Children as Adults in Children's Literature
This paper looks at child characters acting as adults in literature, focusing on 'The Ozma of Oz' by Frank Baum and 'Alice's Adventures in Wonderland' by Lewis Carroll.
# 105974 | 1,715 words | 2 sources | MLA | 2008 |
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In this article, the writer notes that there are many examples in children's literature where child characters act as adults. The writer points out that the characterizations of Alice in 'Alice's Adventures in Wonderland' as well as Dorothy in 'Ozma of Oz are excellent examples of the phenomena in literature. The writer also points out that the reality of the phenomena is that, for the most part children's literature is created by adults, and these same adults, as children wish they had been able to act as adults, upon the arbitrary world of adults. The main characters in these two works demonstrate this phenomenon by calmly dealing with the world around them as if they had years of adult conflicts under their belt, as the desire to be recognized as having power, as a child demonstrates a desire to emulate adults and therefore resolve the arbitrary conflicts that occur in the adult world. The writer concludes that part of the the purpose of the writer is to recount the innocence of a child, and still manage to fulfill one's obligations as an adult. The writer maintains that the children in these two fantastic stories are reflecting the need to remember the fantasy of childhood as well as the obligations of adulthood, without losing either.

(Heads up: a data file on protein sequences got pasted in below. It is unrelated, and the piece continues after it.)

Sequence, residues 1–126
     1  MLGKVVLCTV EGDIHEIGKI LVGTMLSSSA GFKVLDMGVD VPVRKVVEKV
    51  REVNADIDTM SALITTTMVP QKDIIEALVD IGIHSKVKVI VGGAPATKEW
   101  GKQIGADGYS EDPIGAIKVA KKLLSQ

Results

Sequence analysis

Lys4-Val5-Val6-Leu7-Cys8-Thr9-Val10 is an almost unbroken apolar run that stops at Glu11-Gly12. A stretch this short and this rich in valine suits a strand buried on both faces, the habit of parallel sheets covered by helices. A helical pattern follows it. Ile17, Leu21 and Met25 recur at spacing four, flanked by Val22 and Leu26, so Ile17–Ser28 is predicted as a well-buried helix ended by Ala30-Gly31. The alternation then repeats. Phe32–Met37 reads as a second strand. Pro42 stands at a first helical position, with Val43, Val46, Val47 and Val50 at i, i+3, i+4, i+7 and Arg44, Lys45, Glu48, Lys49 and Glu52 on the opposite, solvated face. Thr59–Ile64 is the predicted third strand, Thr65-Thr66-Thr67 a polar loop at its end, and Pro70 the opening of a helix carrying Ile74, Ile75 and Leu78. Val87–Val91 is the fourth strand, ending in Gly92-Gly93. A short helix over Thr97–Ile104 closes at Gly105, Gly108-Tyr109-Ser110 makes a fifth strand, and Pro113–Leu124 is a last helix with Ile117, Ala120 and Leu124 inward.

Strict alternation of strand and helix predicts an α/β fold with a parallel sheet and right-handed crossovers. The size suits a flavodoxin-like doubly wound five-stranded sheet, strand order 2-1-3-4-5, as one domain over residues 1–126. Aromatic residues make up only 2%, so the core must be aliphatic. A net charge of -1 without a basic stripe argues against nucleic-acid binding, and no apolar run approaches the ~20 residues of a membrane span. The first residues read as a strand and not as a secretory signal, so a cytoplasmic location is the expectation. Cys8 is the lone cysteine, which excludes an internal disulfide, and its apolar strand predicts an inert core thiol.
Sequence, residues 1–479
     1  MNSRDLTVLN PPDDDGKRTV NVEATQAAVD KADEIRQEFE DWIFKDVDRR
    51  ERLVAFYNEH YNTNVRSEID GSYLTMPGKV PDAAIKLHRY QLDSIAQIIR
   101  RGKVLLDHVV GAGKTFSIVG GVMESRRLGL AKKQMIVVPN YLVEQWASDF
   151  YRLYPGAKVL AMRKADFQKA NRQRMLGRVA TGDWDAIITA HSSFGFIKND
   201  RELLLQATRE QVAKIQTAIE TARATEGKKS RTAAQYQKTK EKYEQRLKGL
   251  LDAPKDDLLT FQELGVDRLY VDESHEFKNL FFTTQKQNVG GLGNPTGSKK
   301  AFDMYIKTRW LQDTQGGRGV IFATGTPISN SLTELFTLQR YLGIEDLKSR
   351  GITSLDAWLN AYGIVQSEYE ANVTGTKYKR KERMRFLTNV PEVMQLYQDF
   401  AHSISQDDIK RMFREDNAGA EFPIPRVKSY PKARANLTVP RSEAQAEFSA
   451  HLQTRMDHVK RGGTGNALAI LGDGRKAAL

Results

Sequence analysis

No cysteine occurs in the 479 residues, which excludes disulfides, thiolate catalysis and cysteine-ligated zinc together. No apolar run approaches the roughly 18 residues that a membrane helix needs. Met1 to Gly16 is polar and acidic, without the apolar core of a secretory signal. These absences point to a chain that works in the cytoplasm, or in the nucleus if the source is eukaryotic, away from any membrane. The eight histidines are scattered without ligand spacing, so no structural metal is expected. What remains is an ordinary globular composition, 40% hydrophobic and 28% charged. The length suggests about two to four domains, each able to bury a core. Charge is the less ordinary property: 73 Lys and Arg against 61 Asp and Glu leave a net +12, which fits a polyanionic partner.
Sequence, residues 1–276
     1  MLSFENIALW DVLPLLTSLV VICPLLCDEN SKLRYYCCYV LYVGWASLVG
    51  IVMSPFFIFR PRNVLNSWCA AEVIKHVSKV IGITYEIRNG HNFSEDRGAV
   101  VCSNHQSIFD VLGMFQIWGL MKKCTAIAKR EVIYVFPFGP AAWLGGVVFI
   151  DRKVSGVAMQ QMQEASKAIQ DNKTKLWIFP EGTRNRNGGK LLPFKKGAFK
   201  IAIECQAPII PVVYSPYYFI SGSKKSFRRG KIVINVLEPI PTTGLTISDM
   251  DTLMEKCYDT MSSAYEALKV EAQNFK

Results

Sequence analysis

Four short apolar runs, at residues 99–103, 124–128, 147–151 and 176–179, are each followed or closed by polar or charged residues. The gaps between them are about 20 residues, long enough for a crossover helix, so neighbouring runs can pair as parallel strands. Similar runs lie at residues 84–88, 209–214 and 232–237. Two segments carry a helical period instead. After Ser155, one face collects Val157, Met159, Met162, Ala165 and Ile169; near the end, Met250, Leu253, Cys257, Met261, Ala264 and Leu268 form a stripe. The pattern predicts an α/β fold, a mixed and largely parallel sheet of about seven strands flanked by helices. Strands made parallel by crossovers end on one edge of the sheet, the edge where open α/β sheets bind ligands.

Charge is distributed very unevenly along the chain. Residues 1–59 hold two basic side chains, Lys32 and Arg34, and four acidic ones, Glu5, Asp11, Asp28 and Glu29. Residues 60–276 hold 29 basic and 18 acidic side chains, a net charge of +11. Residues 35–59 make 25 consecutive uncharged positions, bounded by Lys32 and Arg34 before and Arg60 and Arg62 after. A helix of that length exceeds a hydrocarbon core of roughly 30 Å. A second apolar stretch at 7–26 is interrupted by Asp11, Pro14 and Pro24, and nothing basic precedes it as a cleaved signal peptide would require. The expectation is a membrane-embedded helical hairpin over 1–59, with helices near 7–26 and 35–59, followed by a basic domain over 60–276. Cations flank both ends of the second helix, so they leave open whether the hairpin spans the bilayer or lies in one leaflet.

From the Paper:"The resolution to resolve the arbitrary conflicts of adults, in the magical world of mystery, as well as in the real world are clear intentions of personal growth. To act as an adult, and to have the influence of an adult, is the aspiration of all children, especially in a world where such actions are recognized as brave and necessary. Adults who write works of fiction for children, remember their own days as children, being unable to navigate the mysteries of the adult world and wishing more than anything to have influence over them. The reflection of the desire, as a child to understand and resolve the mystery of the adult world is reflected in fantasy. Childhood is a period of clarity and innocence, that writers of children's works wish to retell to children of the younger generations. There is no sense of real childhood fear, as the innocence of a child drives his or her clarity in the world of adults, no matter the level of mystery. The idea of personal growth and influence, drives the child's actions, and the child seeks this recognition in the real as well as the world of imagination. Upon waking, Alice's sister, now an adult recognizes in Alice's recalled dream the nature of children and the need to remain innocent."
Sample of Sources Used:
- Baum, Frank. The Ozma of Oz. Project Gutenberg Etext 1996 Retrieved October 15, 2007 from http://www.nenpl.org/ebook/Electronic%20Books/Baum,%20Lyman%20Frank/Baum,%20Lyman%20Frank%20-%20The%20Ozma%20of%20Oz.txt
- Carroll, Lewis. Alice's Adventures in Wonderland. London: Macmillan, 1898.
Cite this Analytical Essay:
Children as Adults in Children's Literature (2008, July 22) Retrieved December 02, 2023, from https://www.academon.com/analytical-essay/children-as-adults-in-children-literature-105974/
"Children as Adults in Children's Literature" 22 July 2008. Web. 02 December. 2023. <https://www.academon.com/analytical-essay/children-as-adults-in-children-literature-105974/>